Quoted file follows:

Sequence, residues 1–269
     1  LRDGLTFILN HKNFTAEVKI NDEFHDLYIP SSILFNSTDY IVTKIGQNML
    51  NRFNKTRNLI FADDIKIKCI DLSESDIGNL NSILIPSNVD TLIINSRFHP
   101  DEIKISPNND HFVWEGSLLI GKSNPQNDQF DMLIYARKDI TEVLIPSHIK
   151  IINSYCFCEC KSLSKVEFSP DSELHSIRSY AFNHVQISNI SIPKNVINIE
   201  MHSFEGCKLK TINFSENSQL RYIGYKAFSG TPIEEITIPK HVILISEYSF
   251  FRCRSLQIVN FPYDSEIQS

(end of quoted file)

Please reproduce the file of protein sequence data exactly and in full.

Sequence, residues 1–269
     1  LRDGLTFILN HKNFTAEVKI NDEFHDLYIP SSILFNSTDY IVTKIGQNML
    51  NRFNKTRNLI FADDIKIKCI DLSESDIGNL NSILIPSNVD TLIINSRFHP
   101  DEIKISPNND HFVWEGSLLI GKSNPQNDQF DMLIYARKDI TEVLIPSHIK
   151  IINSYCFCEC KSLSKVEFSP DSELHSIRSY AFNHVQISNI SIPKNVINIE
   201  MHSFEGCKLK TINFSENSQL RYIGYKAFSG TPIEEITIPK HVILISEYSF
   251  FRCRSLQIVN FPYDSEIQS